This kind of explains why paid ads do not always work. A friend of mine owns a transport company, and, about a year ago, they decided to go techie and promote their website online. At first they put up a pay-per-click (PPC) ad on their target search engine. It did attract visitors, but not as many as they would like to get. Besides, they had to pay for every single click their ad received.

So, my friend decided to change the strategy and strive for higher positions in SERPs. After a while they reached position 3 in their target search engine and started getting floods of traffic. How is this possible? One of the possible answers is: their paid ad had been sitting in the wrong place! Search engines post paid ads in different locations. Some place them within the golden triangle area, some in the much "cooler" area in the upper right corner of the page. So, it’s good to consider this, while purchasing a PPC ad.

4. Crazy Egg click maps

Crazy Egg is click-tracking SEO software that helps locate areas on a webpage that get clicked on the most. Besides, it provides a wide range of other analytical data. The program also tells you:

  • The screen width your visitors have
  • The operating system installed on their computers
  • The browser they are using
  • The search terms they used to land on your page
  • Top 15 referrers

Besides, you can export data and generate reports, which is really awesome.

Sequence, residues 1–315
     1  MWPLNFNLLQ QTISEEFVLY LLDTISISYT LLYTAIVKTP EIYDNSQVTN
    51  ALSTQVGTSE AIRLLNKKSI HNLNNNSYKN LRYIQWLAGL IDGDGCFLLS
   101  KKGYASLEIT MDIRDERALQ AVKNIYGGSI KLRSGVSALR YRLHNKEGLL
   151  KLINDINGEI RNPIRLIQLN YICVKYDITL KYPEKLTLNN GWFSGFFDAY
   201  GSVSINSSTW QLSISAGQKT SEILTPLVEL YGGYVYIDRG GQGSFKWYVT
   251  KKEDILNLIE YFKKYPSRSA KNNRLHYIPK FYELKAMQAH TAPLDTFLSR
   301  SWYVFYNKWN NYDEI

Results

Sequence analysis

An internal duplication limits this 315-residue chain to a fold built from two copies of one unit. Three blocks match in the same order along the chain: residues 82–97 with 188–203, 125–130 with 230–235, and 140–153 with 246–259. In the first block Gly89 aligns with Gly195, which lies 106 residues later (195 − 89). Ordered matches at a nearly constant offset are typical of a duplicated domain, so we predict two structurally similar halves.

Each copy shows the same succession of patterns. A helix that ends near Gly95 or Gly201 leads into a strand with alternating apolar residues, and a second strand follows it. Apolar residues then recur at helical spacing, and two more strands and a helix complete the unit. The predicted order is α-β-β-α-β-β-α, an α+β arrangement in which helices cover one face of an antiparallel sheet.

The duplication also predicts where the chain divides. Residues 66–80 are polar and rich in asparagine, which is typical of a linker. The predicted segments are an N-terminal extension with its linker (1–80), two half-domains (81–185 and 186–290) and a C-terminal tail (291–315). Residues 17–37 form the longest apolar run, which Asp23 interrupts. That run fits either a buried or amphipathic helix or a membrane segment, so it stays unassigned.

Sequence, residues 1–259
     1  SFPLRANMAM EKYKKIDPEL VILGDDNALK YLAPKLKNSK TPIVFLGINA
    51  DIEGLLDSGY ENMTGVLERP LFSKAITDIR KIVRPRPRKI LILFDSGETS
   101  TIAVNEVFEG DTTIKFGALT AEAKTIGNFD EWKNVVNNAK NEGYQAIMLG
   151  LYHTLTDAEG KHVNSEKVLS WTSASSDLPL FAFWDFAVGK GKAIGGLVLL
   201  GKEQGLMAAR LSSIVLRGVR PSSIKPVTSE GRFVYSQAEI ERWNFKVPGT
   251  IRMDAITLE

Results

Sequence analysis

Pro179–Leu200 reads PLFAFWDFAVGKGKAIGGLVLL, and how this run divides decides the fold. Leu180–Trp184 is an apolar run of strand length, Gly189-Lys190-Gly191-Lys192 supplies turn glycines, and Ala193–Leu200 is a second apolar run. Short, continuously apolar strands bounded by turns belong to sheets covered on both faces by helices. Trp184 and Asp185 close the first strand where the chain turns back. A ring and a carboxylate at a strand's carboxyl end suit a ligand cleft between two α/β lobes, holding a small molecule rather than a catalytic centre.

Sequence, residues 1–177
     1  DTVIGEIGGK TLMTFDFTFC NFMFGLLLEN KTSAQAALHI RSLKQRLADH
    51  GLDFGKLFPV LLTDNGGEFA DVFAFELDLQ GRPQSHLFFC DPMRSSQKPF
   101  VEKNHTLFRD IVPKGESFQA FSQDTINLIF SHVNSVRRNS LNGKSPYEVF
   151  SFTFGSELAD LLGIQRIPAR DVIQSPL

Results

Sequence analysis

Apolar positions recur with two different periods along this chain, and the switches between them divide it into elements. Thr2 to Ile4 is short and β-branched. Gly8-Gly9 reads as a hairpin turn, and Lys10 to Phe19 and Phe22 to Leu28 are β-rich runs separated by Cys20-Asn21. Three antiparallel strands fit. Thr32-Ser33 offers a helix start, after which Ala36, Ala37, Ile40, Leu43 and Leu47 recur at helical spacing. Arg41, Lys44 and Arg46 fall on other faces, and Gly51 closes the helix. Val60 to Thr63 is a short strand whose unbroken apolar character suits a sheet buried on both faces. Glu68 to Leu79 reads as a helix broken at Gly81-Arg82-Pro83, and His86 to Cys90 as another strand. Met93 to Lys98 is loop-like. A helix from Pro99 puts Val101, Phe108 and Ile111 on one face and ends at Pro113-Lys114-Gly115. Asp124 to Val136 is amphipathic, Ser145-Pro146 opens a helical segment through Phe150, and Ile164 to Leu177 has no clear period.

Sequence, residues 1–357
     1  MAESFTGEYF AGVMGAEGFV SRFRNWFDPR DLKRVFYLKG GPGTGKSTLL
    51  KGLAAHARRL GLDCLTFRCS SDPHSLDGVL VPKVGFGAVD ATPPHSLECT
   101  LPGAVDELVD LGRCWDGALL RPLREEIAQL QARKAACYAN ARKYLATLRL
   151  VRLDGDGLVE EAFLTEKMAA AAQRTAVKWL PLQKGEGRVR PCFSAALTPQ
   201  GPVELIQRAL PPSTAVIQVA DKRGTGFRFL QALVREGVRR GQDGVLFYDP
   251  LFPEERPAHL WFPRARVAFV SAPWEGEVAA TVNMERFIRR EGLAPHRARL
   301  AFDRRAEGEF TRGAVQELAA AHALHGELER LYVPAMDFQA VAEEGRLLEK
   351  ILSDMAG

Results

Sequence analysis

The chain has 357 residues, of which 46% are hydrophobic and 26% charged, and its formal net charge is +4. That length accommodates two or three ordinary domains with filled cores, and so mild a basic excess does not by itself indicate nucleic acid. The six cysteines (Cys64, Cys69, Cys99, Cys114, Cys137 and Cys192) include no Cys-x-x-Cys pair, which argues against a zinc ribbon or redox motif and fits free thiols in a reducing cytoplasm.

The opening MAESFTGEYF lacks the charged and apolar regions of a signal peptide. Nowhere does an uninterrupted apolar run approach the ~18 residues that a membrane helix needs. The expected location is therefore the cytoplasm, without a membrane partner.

5. Click Density heat maps

Click Density is more than regular click-mapping equipment - it’s a full usability toolkit. In addition to tracking what parts of your webpage get the most clicks, the tool also shows what screen width, OS, and browser your visitors have. Additional features:

  • Supports multiple URLs
  • The "follow targets" feature that allows you to continue tracking clicks to particular items even if you relocate content on your webpage
  • Provides fully customizable reports

6. Feng-GUI heat maps

Feng-GUI software is based on the knowledge of typical human attention attractors and prevalent viewing behavior. Your webpage is analyzed according to a certain algorithm, which reveals popular areas in your layout. Feng-GUI heat maps indicate what places on your page are most likely to grab visitor’s attention.

feng gui heat mapBesides, Feng-GUI software also generates a scan path report that shows where users are likely to look first, second, third, etc.

7. The Corunet definitive heat map

How does click-tracking software actually work? An HTML code gets embedded into the code of your webpage, which allows you to track clicks. There are certain online resources for technically savvy webmasters that provide code and guidelines on how to enable click-tracking on your website. For example, one of such do-it-yourself heat map solutions is offered by Corunet, a Spanish web consulting agency. In case you think it could be just the right idea for your website - here is the link .

Ok, these were the 7 ways to draw a heat map for your website.  As you see, you can consult those maps while deciding where to better place a link, a banner, a special offer or your most important information. Some heat maps also tell you what items on your website people will look at first, second, third and so on.

If you’ve used click-tracking software or know other ways to make use of heat maps - share you experiences!